Two kinds of charging
14 September 2021
Hardly a day goes by without some announcement relating to electric vehicles (EVs) and cars running on alternatives to fossil fuels.
To a very large extent this is being driven by the Government as it prepares to host the global COP26 environmental conference in Glasgow this November.
It wants to demonstrate that it has a comprehensive strategy in place to meet its target for the UK to become net zero by 2050. So frequent are the announcements that one almost detects a sense of desperation.
Be that as it may, most developments fit one of two categories: improving the EV charging infrastructure and also charging of a different kind – paying for, and perhaps taxing, the electricity consumed.
Considering the former category first, the Site-Eco section of the blog has already highlighted difficulties that some EV drivers face in finding convenient, local and reliable charge points.
Since then, announcements have motored. There’s been a well-publicised initiative to design a charge point with a standard distinctive design, like the red phone boxes of yesteryear, which will presumably have to be rolled out on a nationwide basis.
Private sector firms are also revving up. Energy provider Shell aims to install 50,000 on-street charge points across the UK by 2025 through its ubitricity subsidiary to help motorists without off-street parking.
Interestingly, the government’s Office for Zero Emission Vehicles (OZEV) currently meets 75% of the cost of installing such on-street chargers.
New laws are also set to be introduced next year requiring the installation of EV chargers in all new-build homes and offices in England.
Elsewhere, BP has partnered with an in-car digital payments provider, the spelling of whose name – ryd – is as innovative as its technology presumably is.
The ryd app will be available in the UK by 2024 and allows drivers to pay for fuel, EV charging, car washes and other purchases on a single platform. (I always thought you weren’t allowed to use mobile phones on fuel forecourts, but presumably the EV areas will be segregated from any petrol or diesel pumps.)
So the infrastructure is set to grow, as is interest in the new vehicles. Indeed, data from the Society of Motor Manufacturers and Traders for August shows that sales of plug-in cars overtook diesel vehicles.
Mind you, overall sales volumes are still way below 2020 levels. Also, the second hand car and van market is booming – and not many of those sales will be for EVs.
However, the other element of charging – taxing the electricity consumed – has also been getting attention, albeit in a more muted way. If motorists switch away from petrol and diesel, how will the government replace the fuel duty revenue that it currently receives?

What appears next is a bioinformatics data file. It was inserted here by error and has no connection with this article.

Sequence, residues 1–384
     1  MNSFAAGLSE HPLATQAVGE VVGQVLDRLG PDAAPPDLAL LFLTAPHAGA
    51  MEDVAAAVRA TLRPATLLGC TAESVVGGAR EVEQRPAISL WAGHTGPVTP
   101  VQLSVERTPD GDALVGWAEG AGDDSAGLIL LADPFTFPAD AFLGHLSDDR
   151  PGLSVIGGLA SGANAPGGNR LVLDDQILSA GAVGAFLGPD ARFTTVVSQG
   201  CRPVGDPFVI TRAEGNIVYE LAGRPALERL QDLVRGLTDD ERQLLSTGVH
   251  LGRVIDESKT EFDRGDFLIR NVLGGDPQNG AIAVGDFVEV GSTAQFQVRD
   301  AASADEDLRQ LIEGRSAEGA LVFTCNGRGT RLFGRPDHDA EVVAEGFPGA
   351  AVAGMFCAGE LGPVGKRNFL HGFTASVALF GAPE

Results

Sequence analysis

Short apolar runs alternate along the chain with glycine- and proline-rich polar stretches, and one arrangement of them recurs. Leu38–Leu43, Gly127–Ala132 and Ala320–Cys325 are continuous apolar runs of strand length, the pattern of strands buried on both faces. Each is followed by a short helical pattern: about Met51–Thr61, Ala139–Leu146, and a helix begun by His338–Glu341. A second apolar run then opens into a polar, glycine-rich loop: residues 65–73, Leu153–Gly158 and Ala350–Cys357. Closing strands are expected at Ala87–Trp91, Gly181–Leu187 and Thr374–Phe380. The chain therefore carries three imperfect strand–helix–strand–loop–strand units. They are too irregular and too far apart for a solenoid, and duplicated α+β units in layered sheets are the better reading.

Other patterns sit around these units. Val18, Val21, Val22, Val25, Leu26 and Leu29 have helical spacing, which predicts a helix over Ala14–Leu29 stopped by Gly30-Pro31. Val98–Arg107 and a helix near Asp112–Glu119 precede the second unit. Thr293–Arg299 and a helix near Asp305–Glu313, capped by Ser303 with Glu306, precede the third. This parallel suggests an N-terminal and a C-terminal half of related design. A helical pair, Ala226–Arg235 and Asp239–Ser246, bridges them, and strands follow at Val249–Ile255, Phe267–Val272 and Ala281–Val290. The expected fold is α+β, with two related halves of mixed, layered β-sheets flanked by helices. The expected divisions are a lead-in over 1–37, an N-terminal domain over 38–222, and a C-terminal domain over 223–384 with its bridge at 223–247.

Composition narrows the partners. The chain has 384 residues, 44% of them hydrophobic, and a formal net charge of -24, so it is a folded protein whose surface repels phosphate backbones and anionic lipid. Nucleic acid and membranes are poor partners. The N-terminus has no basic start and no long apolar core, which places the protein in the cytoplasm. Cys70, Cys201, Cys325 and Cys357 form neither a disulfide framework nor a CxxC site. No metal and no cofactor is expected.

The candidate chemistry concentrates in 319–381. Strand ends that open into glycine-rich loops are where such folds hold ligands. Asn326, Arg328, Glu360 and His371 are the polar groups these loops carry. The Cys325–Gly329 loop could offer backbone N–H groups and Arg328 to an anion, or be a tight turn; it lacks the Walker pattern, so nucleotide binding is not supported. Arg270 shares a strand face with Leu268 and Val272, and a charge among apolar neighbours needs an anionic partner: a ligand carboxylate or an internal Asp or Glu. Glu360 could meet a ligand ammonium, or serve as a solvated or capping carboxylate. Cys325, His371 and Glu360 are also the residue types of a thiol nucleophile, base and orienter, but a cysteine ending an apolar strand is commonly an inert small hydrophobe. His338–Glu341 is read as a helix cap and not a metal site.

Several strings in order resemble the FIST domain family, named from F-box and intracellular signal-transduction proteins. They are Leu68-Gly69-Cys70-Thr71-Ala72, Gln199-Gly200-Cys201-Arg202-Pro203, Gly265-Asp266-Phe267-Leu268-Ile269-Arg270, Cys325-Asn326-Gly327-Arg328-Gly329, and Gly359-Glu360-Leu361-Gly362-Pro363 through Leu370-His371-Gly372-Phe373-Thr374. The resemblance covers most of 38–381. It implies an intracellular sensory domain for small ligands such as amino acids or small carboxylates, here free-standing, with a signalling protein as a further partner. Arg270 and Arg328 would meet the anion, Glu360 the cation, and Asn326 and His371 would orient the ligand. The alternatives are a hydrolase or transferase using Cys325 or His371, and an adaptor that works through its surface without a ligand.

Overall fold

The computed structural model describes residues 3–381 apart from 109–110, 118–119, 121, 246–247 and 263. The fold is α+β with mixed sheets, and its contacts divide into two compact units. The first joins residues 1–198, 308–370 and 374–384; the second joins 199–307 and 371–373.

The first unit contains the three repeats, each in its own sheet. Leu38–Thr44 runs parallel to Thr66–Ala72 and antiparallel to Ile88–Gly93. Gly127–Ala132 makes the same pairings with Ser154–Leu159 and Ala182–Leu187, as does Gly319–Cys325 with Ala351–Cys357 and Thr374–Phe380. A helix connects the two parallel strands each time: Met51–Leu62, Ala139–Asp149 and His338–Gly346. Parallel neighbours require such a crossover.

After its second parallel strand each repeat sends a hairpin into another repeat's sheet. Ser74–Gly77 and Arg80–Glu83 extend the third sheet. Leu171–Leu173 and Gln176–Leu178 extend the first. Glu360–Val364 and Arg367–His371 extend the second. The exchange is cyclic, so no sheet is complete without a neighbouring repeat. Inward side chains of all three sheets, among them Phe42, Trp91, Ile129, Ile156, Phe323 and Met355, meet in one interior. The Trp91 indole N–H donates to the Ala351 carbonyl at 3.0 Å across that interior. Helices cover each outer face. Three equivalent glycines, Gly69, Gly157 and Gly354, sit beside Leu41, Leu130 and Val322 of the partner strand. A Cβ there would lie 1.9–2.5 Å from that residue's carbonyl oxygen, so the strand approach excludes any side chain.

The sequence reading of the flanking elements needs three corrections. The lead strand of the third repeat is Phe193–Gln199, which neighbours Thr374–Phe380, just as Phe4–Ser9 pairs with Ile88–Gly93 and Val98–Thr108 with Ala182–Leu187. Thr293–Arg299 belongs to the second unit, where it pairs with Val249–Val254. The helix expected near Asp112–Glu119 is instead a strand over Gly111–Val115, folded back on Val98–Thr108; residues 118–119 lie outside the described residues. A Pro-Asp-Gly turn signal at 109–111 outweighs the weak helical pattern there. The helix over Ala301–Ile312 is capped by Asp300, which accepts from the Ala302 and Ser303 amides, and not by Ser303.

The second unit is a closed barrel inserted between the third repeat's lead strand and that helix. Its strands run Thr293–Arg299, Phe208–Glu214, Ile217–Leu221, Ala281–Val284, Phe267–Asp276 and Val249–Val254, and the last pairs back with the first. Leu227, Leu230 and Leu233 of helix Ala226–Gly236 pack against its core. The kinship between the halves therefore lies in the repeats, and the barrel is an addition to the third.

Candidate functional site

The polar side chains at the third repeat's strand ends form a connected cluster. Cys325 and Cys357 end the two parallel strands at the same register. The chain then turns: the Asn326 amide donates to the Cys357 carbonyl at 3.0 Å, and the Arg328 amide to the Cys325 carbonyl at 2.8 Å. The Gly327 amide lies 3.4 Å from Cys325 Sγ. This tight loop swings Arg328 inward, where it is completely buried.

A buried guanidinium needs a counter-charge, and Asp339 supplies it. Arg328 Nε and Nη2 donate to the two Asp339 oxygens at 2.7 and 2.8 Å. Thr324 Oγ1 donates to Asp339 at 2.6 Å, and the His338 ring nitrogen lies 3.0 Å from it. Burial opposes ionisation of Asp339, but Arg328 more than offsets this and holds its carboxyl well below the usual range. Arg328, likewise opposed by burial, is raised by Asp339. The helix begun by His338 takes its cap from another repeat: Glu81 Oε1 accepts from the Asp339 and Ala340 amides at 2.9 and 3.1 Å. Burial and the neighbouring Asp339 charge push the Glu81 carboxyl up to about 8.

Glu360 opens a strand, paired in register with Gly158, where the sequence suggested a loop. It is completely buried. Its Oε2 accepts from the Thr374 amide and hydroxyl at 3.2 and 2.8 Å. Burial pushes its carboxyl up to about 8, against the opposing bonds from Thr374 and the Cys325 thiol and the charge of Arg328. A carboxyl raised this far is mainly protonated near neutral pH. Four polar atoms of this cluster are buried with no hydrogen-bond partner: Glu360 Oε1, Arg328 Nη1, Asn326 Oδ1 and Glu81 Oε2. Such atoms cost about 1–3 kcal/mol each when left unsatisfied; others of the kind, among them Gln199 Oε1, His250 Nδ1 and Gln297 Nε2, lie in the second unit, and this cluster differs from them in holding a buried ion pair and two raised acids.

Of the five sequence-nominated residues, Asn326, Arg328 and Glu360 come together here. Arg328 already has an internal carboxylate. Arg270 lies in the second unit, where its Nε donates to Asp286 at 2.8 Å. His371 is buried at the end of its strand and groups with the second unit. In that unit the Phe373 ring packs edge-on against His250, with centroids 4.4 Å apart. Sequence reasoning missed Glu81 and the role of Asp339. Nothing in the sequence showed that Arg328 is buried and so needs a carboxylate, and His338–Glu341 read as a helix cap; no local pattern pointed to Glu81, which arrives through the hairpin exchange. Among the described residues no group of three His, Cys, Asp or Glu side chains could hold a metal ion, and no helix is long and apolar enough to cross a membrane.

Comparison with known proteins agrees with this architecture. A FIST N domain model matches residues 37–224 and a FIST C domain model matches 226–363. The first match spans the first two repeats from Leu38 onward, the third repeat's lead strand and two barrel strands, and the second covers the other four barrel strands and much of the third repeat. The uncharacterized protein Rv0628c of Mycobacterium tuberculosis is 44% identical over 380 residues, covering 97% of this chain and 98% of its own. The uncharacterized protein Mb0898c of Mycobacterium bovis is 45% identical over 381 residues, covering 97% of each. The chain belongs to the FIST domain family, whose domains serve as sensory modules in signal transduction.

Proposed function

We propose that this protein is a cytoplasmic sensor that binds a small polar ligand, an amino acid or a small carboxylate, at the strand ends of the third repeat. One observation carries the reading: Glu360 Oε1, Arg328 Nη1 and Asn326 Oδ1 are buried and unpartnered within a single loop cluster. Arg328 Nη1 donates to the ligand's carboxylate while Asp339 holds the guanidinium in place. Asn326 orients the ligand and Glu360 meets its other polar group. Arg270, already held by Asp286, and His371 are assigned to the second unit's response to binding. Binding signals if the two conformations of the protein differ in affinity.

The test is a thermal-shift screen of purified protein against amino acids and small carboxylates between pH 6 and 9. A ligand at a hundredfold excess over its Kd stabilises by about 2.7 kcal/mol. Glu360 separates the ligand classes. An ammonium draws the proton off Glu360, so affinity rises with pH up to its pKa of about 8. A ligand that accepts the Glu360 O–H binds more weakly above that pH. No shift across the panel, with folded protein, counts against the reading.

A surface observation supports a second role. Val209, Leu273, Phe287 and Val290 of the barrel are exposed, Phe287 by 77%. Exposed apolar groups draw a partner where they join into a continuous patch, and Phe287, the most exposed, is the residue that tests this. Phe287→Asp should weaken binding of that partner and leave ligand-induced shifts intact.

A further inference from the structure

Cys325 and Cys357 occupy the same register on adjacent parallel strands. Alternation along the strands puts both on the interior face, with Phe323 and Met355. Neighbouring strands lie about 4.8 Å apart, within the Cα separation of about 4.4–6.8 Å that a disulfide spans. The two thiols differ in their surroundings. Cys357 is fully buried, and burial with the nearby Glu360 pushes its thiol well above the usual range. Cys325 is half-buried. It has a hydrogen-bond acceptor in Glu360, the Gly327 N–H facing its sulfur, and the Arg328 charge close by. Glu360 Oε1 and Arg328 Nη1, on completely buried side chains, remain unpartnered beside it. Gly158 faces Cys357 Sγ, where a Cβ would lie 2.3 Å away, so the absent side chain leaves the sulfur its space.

One suggestion mooted previously is that drivers will pay so much per mile, calculated via a 'black box' device in the vehicle or some kind of toll system.
Also, a recent press story pointed out an interesting detail in the Automated and Electric Vehicles Act of 2018, elements of which came into force in April. This includes the stipulation that any new car charge point must be able to send and receive data.
So in theory, a charge point in a home or business will be able to log the amount of electricity going specifically into a car’s battery, as against other appliances like washing machines, kettles or lighting. And apparently that means that any tax could also be added to your bill instantly at source.
• Over the weekend came yet another government announcement: new EV charging points in workplaces and people’s homes will be preset to switch off for nine hours each weekday at times of peak demand to avoid National Grid outages. Under regulations set to come into force in May, according to a press report, new home and workplace chargers will be set by default not to function from 8am to 11am and 4pm to 10pm. Public chargers and rapid chargers, on motorways and A-roads, will be exempt.
Apparently the user can override the default setting, but it almost smacks of a curfew, or even fuel rationing. The government really does need to address the bigger issue of prioritising investment in the UK’s green power generation infrastructure - and fast, if the drive to EVs continues at the pace it seeks.
Photo: Ed Harvey/Unsplash